KQED's live two-hour call-in program presents wide-ranging discussions of local, state, national and international issues, as well as in-depth interviews.
Recently on Forum:
Calling all ghosts, ghouls and hipster robots -- it's time to set up your social calendar for Halloween. We check in with event planners and others about the best shows, haunted houses and other frights around the Bay. How are you going to celebrate the holiday? Are you dressing up as a kung-fu baseball panda or a binder full of women?
In a tight presidential race, either Barack Obama or Mitt Romney could lose the popular vote yet still win the majority of Electoral College votes and gain the White House. The National Popular Vote movement, which California endorsed last year, seeks to guarantee the presidency to the candidate who wins the popular vote. We look at efforts to reform the Electoral College system.
Lately they've talked about the economy, foreign policy and tax plans -- but where is religion in this presidential race? President Obama is a Christian, and Mitt Romney is a Mormon. How do their religions play into their campaigns, if at all? Does faith affect their views on controversial issues like abortion or gay marriage? And do voters really care what religion their candidate follows?
The Obama administration is facing pressure from Republicans to explain internal government e-mails, released publicly this week, which shed new light on what officials knew about the attack on the U.S. consulate in Benghazi. One of the e-mails suggests that the State Department was informed in the immediate aftermath of the attacks that a terrorist group had taken credit for the killings in a Facebook post. Secretary of State Hilary Clinton downplayed the e-mails, saying that a Facebook post does not amount to evidence. We'll discuss what the e-mails reveal about the administration's handling of the incident.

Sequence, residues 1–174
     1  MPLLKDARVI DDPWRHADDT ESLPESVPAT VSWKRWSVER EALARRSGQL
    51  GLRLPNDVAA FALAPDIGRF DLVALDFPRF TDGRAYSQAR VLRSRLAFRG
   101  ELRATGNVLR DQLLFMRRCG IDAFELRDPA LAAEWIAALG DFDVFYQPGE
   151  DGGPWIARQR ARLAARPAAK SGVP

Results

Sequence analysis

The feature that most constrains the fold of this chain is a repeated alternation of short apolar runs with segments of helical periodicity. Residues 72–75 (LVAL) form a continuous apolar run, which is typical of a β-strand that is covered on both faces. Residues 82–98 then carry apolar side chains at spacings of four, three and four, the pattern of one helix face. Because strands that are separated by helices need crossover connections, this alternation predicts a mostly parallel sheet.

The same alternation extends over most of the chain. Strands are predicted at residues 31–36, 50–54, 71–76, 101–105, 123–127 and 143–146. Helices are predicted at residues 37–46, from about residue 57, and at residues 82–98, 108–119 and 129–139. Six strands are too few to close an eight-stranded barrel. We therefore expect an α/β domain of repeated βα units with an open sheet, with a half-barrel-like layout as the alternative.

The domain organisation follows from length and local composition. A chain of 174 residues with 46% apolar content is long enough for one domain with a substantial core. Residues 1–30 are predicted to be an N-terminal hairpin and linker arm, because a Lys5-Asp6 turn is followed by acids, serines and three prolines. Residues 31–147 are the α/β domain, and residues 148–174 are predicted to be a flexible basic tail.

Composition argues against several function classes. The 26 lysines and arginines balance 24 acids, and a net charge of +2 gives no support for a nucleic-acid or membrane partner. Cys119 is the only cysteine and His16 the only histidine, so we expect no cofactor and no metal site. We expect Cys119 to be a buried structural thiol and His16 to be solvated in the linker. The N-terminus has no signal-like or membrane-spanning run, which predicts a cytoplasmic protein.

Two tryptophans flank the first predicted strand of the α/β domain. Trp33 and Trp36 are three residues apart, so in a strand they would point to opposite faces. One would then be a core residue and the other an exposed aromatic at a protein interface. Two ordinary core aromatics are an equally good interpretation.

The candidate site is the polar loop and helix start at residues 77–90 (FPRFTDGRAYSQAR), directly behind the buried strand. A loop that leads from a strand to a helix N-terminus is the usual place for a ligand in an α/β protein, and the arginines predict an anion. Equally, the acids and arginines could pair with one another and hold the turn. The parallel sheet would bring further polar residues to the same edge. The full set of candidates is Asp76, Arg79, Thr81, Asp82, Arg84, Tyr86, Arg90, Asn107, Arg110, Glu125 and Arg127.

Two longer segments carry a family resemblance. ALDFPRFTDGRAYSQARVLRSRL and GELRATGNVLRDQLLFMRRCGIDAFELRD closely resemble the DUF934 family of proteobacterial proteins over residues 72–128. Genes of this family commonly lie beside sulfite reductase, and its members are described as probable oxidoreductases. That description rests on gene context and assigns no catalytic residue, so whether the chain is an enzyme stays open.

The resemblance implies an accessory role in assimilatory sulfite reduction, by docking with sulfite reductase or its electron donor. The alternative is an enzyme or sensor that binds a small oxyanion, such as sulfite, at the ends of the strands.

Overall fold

Author Camille Paglia is best-known for her contrarian views on art and culture, as well as her outspoken critiques of modern feminism. Her latest book, "Glittering Images: A Journey Through Art from Egypt to Star Wars" is a survey of Western art and a collection of essays on 29 significant pieces of art spanning 33 centuries.
Parents of students at Piedmont High School received an e-mail over the weekend informing them of the existence of a "Fantasy Slut League." Based on the popular NFL and NBA fantasy leagues, male students earn points for their sexual activities with female students. School officials said varsity athletes started the league over five years ago. But officials say their hands are tied when it comes to disciplining off-campus activities. So what should be done? And what does this say about sexism and bullying among high schoolers?
After facing elimination in six straight games, the San Francisco Giants beat the St. Louis Cardinals 9-0 Monday to win the National League Championship Series. The Giants now head to the World Series to face the Detroit Tigers. We preview the series.
President Obama and challenger Mitt Romney met on Monday night for the third and final debate, this time on foreign policy. Moderator Bob Schieffer of CBS News picked topics including America's role in the world, the war in Afghanistan, terrorism and the Middle East and China's rise. As polls show a tightening race, we analyze the impact of the debate and parse the candidates' positions.
San Francisco's Omega Boys Club is marking 25 years helping at-risk kids lead lives free from violence and incarceration, succeed academically and make positive contributions to society. Omega has provided academic and life skills support to more than 1,300 boys and girls, and its violence prevention programs have reached more than 15,000 students. Co-founder and Executive Director Joe Marshall joins us as part of our First Person series on the leaders, innovators and others who make the Bay Area unique.
The 90-year-old Oakland Zoo is home to giraffes, tortoises and African elephants. Now Zoo officials are asking Alameda County residents for additional funds to take care of those animals. Under Measure A1, a parcel tax would pay for repairs, veterinary care and field trips for schoolchildren. But opponents of Measure A1 claim the Zoo intends to use part of the $114 million proceeds for a controversial expansion project.
The assassination of Lebanon's top security chief with a car bomb on Friday triggered gun battles and protests in the streets. General Wissam al-Hassan was an opponent of the Syrian regime, and his murder is being called the most significant political killing in Lebanon since 2005. What ripple effects will this have in the Middle East? We discuss the future of the region, and how this assassination may shape Monday's presidential debate on foreign policy.